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So let's say in another contingent world, which does not actually exist, I do not exist either. But God's essence would not necessarily change in that possible world, since God still wills my contingent existence, along with the existence of everything else that exists in this present world. The only difference is that my contingent existence does not take place in that world.
How can God will your contingent existence, and yet your contingent existence not take place? He does not will your existence in that world.

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In other words, God wills my existence in this world; the difference is not in God, but in my existence. In that contingent world, I (contingently) do not exist, as a result of God's unchanging will or essence; in this contingent world, I (contingently) do exist, again as a result of the same unchanging will or essence.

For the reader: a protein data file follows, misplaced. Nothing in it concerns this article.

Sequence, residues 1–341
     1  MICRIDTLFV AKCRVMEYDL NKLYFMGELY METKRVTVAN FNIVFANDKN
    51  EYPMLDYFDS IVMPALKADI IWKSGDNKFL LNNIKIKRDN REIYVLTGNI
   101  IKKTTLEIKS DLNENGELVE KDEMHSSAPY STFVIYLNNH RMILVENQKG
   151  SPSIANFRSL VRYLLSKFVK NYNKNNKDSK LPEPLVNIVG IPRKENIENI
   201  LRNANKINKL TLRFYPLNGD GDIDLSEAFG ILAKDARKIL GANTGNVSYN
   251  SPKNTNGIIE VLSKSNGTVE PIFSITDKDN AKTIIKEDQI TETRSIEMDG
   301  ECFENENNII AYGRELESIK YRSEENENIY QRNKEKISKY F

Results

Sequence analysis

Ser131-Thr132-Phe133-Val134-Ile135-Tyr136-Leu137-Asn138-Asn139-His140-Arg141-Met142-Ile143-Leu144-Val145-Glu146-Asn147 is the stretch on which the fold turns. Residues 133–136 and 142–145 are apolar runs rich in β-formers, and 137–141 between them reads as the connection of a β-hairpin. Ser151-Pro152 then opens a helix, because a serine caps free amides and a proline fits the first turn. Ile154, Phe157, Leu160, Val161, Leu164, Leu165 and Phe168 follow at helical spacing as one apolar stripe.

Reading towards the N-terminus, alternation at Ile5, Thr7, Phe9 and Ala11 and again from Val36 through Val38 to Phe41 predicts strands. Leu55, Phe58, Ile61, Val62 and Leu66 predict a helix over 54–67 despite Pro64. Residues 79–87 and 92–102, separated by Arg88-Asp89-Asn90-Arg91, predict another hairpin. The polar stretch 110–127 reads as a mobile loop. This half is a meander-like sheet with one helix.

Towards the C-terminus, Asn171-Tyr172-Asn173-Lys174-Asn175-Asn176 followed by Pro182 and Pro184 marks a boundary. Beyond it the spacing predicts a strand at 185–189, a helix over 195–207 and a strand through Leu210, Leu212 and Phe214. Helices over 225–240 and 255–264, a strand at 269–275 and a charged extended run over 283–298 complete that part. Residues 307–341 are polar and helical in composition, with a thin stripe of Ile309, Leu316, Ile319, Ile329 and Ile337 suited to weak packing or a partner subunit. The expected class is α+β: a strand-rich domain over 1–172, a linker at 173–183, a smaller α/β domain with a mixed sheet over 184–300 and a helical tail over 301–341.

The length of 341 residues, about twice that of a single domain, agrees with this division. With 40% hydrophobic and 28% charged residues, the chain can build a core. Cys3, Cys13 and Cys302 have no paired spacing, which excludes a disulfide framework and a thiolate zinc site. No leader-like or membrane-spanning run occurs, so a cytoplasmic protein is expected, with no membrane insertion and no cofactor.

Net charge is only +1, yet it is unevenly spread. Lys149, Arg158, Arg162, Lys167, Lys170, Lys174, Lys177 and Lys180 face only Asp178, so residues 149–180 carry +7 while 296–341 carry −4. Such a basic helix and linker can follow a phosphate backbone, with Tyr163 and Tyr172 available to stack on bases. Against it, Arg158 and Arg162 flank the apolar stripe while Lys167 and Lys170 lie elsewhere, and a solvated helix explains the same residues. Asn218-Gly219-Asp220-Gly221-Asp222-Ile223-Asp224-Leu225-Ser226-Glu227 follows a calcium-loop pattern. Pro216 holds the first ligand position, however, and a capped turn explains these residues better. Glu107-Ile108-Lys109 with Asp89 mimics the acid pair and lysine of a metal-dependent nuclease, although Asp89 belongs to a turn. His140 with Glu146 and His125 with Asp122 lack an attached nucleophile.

But the will or essence is different in the two contingent worlds.

Quote:
I see and acknowledge your previous point, that saying "God's will would perhaps have been different" is the same as saying "God perhaps would have been different." So I am trying not to say that in this response; in fact, I am saying the opposite: Of necessity, I possess a contingent existence in THIS world because that is God's will for me in ANY possible world in which God exists.
If you are saying that it is necessarily God's will that you exist in any possible world in which God exists, then you are saying that you are also a necessary being.

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Of course, I'm using the term "world" here, as I assume you are as well, as meaning all reality, not just the physical universe.